Guest lecture and panel debate at the Center for the Study of the Americas
Obama: Year One
One year ago, Barack Obama won a sweeping victory in the U.S. presidential election, with promises of “change you can believe in.” Has he and his administration delivered so far? How has the American political landscape changed in that year? What is the nature of the opposition to his political agenda? What has his tenure in the White House revealed about his political outlook, his style of leadership, his ability to make decisions? How is he likely going to handle major challenges such as health care, climate change, financial reform, and not least the war in Afghanistan and other international conflicts in his next year in office? These are among the pertinent questions that our invited speaker and panelists will address at this event.
The Center for the Study of the Americas is honored to welcome Professor Ruth O’Brien from the City University of New York and the Center for American Progress as our keynote speaker for this event. We are also honored to introduce our visiting Fulbright Professor for 2009-2010, Stephen Amberg from the University of Texas at San Antonio, and to welcome back our Adjunct Professor, Carl Pedersen.
|Keynote address: Ruth O’Brien, Out of Many, We are One:
Obama and the 3rd American Liberal Tradition
The talk argues that President Barack Obama’s political vision represents a third, lesser known and harder traveled American tradition of small “d” democratic progressivism or populism. The talk discusses five aspects of Obama’s thought that identifies him with this third tradition which echoes the Three Musketeers’ cry: “out of many we are one.” Obama’s distinctive vision helps us better understand not only his administration’s accomplishments but his failures as well.
Discussant: Carl Pedersen, Adjunct professor at CBS
Panel debate: The Obama administration’s first year in office: “Change you can believe in”?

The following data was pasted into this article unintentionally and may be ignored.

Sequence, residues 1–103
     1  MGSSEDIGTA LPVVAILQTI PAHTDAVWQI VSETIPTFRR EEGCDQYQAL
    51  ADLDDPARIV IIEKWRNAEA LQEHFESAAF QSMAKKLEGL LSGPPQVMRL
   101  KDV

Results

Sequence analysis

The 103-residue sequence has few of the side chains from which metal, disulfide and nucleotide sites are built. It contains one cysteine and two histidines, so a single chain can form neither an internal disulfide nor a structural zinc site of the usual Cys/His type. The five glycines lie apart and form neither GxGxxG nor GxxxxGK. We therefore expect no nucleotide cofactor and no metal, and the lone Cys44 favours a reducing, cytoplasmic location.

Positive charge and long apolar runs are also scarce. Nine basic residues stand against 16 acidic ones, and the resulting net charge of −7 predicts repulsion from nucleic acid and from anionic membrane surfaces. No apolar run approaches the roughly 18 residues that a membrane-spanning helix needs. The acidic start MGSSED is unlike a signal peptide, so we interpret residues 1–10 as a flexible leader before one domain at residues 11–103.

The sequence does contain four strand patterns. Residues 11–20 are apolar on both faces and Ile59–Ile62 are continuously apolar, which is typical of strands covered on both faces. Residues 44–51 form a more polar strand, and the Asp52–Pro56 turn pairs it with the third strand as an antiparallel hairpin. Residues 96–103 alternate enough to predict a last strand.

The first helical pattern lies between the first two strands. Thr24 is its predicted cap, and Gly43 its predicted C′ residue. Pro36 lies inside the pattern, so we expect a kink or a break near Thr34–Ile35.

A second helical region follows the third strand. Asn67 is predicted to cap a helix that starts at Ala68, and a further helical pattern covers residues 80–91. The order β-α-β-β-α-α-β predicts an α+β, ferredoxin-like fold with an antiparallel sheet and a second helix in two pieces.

The Center for the Study of the Americas
All are welcome Registration not necessary
Further information: Please contact Merete Borch firstname.lastname@example.org
Ruth O’Brien is Professor at The Graduate Center of the City University of New York, (Political Science & American Studies) as well as Adjunct Affiliated Scholar for the Center for American Progress and Book series editor of Princeton University Press-- the Public Square, which showcases public intellectuals on politics; Her most recent publications include the edited volume Telling Stories Out of Court: Narratives about Women and Workplace Discrimination (Cornell university press). She is the author of Bodies in Revolt: Gender, Disability, and a Workplace Ethic of Care (Routledge Press); Voices from the Edge: Narratives about the Americans with Disabilities Act (Oxford University Press); Crippled Justice: The History of Modern Disability Policy in the Workplace (University of Chicago Press); Workers’ Paradox: The Republican Origins of the New Deal Labor Policy, 1886-1935 (University of North Carolina Press), as well as numerous articles.
Stephen Amberg is Associate Professor, University of Texas at San Antonio and visiting Fulbright Chair in American Studies at the Center for the Study of the Americas for 2009-2010. Stephen Amberg’s primary research areas are the political development of U.S. economic policies, the adjustments of welfare states to globalization, and institutional design and learning processes in politics. He is currently writing about the bailout of the American automobile industry.
Carl Pedersen is Adjunct Professor at the Center for the Study of the Americas, CBS. Carl Pedersen's research ranges widely, from African-American studies to US politics and society and Caribbean history. His latest book is Barack Obama: Bending the Arc of History (2009)
Niels Bjerre-Poulsen is Associate Professor at CBS and Director of the Center for the Study of the Americas. His primary fields of research are American political culture, US history and foreign policy, and the development of the American presidency in particular. He is currently co-writing a book on the international history of the Vietnam War.
Edward Ashbee is Associate Professor at the International Center for Business and Politics and the Center of the Study of the Americas, CBS. He has written extensively about US politics and society. His publications include studies of elections, court rulings, and George W. Bush's presidency. More recently, his work has concentrated on political economy and economic policymaking in both the US and Britain. His next book, The US Economy Today, will be published by Manchester University Press in 2010.